Some political parties are corporations. Heck, we’re almost there already; but in Older’s world they admit it openly. Some are authoritarian and Leader-based. They represent a wide spectrum of ideas and ideals, a world away from the confining two-party box of present-day American politics: the centenal system really does “let a hundred flowers bloom, a hundred schools of thought contend.”
Political campaigning in such a diverse system is a big undertaking, employing legions of people. Some of our characters make a living on that circuit, so we get an insider’s view of this career path.
The stakes are a lot higher than 100,000 souls. While strictly local parties may prevail in some centenals, there’s a larger prize in view; a world governing body is led by the party that wins the most centenals during globally synchronised elections (the Supermajority). So centenals vote not only for parties they think will govern their local polity usefully or advantageously; they may also try to elect parties that will affect geopolitical decisions on a global scale. Parties, in turn, may focus on winning a particular centenal or centenals for the sake of local autarchy; or they may have their eyes on the global prize. The Supermajority determines the overall direction of planetary administration, so it’s a fraught and serious contest with great incentives to break the system. The fate of gargantuan engineering projects may depend on which party wins the Supermajority.
Needless to say, various cadres of observers and enforcers fill (more effectively!) the role that the UN barely manages to pull off today. While armed force is secondary as a governance tool to information (hence the title “Infomocracy”), there is a need for policing. Some centenals indulge in old-school bad behaviour like invading their neighbours. Then government employees show up — to quash or mediate border disputes, to monitor elections and campaigning, and if necessary to do a bit of espionage for Information. One of our key characters is in this line of work, and as a result leads a very eventful life.
If everything were lovely in the garden, there would be no drama and no story. So obviously, in Malka Older’s trilogy various challenges emerge that push her characters into stressful and suspenseful situations. The system itself is threatened by the time we open Volume 3! I was impressed by Older’s ability to present canny political manoeuvring (both legitimate and nefarious) as a compelling story, embodying it vividly in memorable characters.
Older’s world bears the fingerprints of our own age. Environmental disaster and climate change are part of the backdrop, gender fluidity is a given, strong female characters (both nice and not so nice) abound, ubiquitous free connectivity is a human right. Information is what we only dream of today: universal information access that can be trusted. Technology is interestingly advanced, but not so magical as to seem implausible. As a future vision, it’s partly wishful thinking — that we will make it past our present crises and continue to invent and thrive as a global civilisation; but it’s also a cautionary tale about the consequences of today’s decisions.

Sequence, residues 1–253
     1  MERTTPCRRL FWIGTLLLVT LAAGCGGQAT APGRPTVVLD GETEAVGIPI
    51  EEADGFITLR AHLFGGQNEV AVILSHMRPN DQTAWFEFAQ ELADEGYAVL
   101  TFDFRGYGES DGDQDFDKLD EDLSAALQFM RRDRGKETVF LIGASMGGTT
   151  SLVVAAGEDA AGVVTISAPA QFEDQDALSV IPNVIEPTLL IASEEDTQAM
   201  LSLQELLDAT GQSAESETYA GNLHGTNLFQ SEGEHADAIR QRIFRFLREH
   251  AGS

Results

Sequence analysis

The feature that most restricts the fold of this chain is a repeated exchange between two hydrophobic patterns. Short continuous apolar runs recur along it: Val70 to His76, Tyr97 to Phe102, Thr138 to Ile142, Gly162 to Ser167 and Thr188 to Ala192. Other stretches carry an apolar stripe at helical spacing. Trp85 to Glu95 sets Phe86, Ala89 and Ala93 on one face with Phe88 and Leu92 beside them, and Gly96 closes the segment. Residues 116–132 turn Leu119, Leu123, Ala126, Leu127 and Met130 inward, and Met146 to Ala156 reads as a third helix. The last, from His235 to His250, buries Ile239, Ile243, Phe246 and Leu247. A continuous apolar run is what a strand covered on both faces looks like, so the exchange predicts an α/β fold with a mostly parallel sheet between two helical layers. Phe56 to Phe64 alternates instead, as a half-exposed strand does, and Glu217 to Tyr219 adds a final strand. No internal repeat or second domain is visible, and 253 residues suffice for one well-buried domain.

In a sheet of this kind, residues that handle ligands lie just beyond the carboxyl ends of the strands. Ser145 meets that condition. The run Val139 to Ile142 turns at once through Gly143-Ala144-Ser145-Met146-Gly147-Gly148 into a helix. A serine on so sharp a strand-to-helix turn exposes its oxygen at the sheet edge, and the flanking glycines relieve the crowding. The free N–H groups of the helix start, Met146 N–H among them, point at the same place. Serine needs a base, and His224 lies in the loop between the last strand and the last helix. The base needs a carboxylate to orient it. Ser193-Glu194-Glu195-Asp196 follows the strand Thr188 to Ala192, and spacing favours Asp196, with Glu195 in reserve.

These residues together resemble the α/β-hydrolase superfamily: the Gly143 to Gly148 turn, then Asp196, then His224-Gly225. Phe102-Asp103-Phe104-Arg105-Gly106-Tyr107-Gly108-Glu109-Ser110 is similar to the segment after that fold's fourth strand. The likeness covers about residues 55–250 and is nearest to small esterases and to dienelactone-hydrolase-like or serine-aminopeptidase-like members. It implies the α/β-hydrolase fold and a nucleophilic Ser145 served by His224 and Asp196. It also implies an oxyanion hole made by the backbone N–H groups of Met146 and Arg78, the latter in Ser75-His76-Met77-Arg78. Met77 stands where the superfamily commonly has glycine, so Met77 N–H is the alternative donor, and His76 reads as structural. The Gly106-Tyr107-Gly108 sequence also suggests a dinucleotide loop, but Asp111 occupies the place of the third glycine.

Neither utopian nor dystopian, the Centenal Cycle simply describes how human beings (could) do politics the day after tomorrow. I read it as hopeful, a realistic sketch of the potential for universal digital voting and a system that could make democracy workable in a global society, devolving maximal autonomy to the local sphere. Older herself has long and deep experience of politics, being some kind of Wunderkind of the NGO world with a remarkable CV; her knowledge of conflict, cross-cultural negotiation and realpolitik is from first-hand experience.
I don’t think I can say much more without spoilers. I’ve refrained from lit-crit so far and concentrated on content; to be honest, I don’t think Older will be remembered as one of the premiere prose stylists of our time. Her characters are well-drawn, with interesting personalities, back-stories and motivations. However unlike, say, William Gibson of Neuromancer fame, she doesn’t achieve that poetic edge that makes the reader’s brain tingle, makes us stop and repeat sentences out loud because they are beautiful artifacts in their own right. Her prose is competent, lucid and often pleasing, but not arty or particularly quotable. I think this sobriety of text is actually appropriate to the subject matter; it didn’t detract from my enjoyment.
That said, there are moments of brilliance. I would like to thank Older sincerely and personally for the wonderful phrase narrative disorder which instantly became part of my internal lexicon. There was a space in my brain just waiting for that concept — it slotted in like a virus, and now feels to me as if it was in the DSM from the first edition. Her tangential musings on our relationship to storytelling and media, and what forms this might take in the future, were creative and insightful.
But the heart of the book is politics, how politics is done, how human nature interacts with governance, how technology interacts with democracy, how people interact with each other. If you care about electoral process, about internet access as a human right, about the quality of information and the perils of disinformation, about surveillance technology and its implications, about the tension between local autarchy and global governance, about democracy… then I believe this trilogy will make chewy, tasty, and even brain-altering reading.
In the hands of the right production team (think The Expanse) it could make a dandy long-story-arc multi-season TV show. Hint, hint.